A gestational carrier (GC), also known as a gestational surrogate, is a person who agrees to carry a baby through pregnancy for an individual or couple. The GC provides a host uterus but does not contribute any genetic material (eggs) towards the creation of the embryo. The embryo is created from eggs from one of the intended parents or an egg donor and fertilized with sperm from one of the intended parents or a sperm donor.
A gestational carrier is carefully processed after an agreement between the couple (intended party) and a third-party female (a gestational carrier). The gestational carrier agrees to carry the couple’s pregnancy to term and the baby will not be related to the gestational carrier. The intended parents are present and involved in the pregnancy, at birth and legally become the parents after the baby is born.
Regardless of whether you decide to use your eggs or donor eggs, we at NewLife are with you at every step of the way providing you with unique financial, emotional and legal guidelines associated with the gestational carrier.
What You Need To Know About Gestational Surrogacy Before You Get Started
- Women with congenital absence of the uterus or prior hysterectomy.
- Women with untreatable intra-uterine scar tissue.
- Women with untreatable recurrent pregnancy loss.
- Women with a contraindication for pregnancy (e.g. heart disease, cystic fibrosis).
- Women who have received pelvic or abdominal radiation for cancer.
- Same-sex male couples who want to conceive.
- Single men who want to start a family
- Gay couples who want to start a family
When To Consider This Treatment Option
Using a Gestational Carrier is an option if you wish to have a child but are unable to do so because of:
- Not having a uterus
- Having a uterus that is abnormally shaped, has a thin endometrial lining, had been scarred, or other such conditions
- Medical conditions that would make pregnancy risky to your life or the life of the fetus
- Recurrent IVF failure
- Biologic inability to conceive or bear a child
A gestational surrogate may be known to the commissioning couple (typically relatives or friends who volunteer to carry the pregnancy) or unknown to the commissioning couple (usually introduced through a third party).
Since it is illegal to pay for surrogacy services or to advertise to pay for surrogacy services in Canada, finding a gestational carrier can be time-consuming and difficult. While there are agencies and consultants that assist in making connections between gestational carriers and recipient couples, patients should be aware that current law also prohibits these companies and consultants from charging for this service.
In most cases, gestational carriers are already known to the commissioning couple. We highly recommend that intended parents review the laws in Canada with respect to compensating carriers and egg donors.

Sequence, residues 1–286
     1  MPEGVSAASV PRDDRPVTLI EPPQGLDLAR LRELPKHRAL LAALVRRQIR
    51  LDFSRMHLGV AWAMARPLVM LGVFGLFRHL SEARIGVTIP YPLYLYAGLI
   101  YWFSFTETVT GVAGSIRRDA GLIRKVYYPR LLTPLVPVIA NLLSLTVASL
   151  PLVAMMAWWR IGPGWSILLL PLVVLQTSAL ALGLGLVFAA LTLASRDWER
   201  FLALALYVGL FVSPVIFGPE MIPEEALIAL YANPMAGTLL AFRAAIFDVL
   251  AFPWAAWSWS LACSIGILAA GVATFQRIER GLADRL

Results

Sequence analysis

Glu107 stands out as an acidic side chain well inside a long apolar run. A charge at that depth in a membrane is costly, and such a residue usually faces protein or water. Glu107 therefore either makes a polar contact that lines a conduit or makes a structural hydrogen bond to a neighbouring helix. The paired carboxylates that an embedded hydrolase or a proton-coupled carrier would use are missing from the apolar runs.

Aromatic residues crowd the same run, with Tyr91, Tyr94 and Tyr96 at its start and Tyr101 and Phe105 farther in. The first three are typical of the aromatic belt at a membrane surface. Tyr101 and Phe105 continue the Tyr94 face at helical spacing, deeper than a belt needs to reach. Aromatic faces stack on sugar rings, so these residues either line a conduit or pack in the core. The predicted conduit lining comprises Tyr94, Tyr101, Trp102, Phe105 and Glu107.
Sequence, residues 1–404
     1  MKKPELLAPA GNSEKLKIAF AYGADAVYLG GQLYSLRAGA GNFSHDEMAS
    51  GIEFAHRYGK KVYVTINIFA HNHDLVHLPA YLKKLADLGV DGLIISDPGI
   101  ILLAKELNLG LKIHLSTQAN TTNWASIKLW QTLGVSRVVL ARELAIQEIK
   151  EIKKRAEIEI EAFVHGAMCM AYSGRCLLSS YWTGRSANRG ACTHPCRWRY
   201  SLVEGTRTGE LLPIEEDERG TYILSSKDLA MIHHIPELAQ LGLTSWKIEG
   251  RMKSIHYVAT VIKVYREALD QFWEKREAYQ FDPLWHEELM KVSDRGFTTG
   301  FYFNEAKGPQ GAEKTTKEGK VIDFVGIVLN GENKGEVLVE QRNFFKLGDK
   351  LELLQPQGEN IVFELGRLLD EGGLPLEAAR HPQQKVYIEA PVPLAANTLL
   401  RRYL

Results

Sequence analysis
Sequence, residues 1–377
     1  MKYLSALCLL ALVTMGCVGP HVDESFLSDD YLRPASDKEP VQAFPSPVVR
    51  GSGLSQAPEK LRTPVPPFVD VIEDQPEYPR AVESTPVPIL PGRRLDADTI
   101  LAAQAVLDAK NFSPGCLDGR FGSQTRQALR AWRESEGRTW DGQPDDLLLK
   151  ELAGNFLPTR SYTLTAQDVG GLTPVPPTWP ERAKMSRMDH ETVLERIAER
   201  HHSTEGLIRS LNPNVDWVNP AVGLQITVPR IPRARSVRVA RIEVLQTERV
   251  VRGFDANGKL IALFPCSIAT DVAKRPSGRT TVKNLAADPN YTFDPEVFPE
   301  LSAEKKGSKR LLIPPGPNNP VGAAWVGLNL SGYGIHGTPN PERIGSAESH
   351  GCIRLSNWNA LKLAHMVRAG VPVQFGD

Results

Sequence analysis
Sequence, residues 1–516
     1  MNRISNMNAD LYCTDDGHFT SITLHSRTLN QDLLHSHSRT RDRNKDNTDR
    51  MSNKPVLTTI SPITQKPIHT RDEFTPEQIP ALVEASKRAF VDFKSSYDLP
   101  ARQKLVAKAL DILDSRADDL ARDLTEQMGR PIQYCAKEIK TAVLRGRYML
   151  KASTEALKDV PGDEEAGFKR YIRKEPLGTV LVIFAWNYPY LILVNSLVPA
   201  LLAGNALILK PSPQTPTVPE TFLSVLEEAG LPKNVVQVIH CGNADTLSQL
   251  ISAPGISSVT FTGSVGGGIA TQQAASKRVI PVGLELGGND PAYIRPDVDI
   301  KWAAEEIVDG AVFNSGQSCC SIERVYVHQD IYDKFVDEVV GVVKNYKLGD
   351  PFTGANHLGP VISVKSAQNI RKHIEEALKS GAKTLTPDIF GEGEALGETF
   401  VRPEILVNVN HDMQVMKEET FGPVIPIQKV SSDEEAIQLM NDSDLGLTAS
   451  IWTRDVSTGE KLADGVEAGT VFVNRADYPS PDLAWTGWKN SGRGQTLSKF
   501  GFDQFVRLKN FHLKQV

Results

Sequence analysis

Guidelines For Identifying AGestational Carrier
- Must be over 21 years of age and under 41 years of age.
- It is highly recommended that the carrier has completed her family or have had at least one child previously.
- Ethically, the relationship between the commissioning couple and the surrogate should not be one where there is a power imbalance. (For example, where a commissioning couple is the employer of the surrogate).
- When searching for a surrogate, patients must also consider ethical, medical, psychosocial and legal issues.
What You Need To Know, Now That You Have Found A Carrier
There are a number of different scenarios where a carrier may be used, but in all cases, there are three main areas that must be addressed prior to starting the actual surrogacy. The order in which these tasks are done will vary depending on the circumstances.
What To Expect During Treatment
If you have determined that a gestational carrier is appropriate for you then the next thing would be to identify a potential gestational carrier.
- Once identified, the gestational carrier will undergo a medical assessment (which includes screening lab work, a transvaginal ultrasound, and a uterine cavity assessment).
- After the medical assessment and screening are completed, the intended parent(s) and gestational carrier meet with a licensed counselor.
- Following the counseling consultation, legal counsel is required in order to complete a legal agreement between the intended parent(s) and the gestational carrier.
- If the intended parent(s) will be contributing eggs through IVF, the IVF cycle may be timed to the embryo transfer cycle.
The Assisted Human Reproduction Act (AHR Act 2004) prohibits many surrogacy related activities. Surrogacy itself is not banned, but payment of consideration or the offer of payment to a surrogate is a prohibited act. Therefore, NewLifeFertility does not facilitate finding a gestational carrier nor do we work with surrogacy agencies.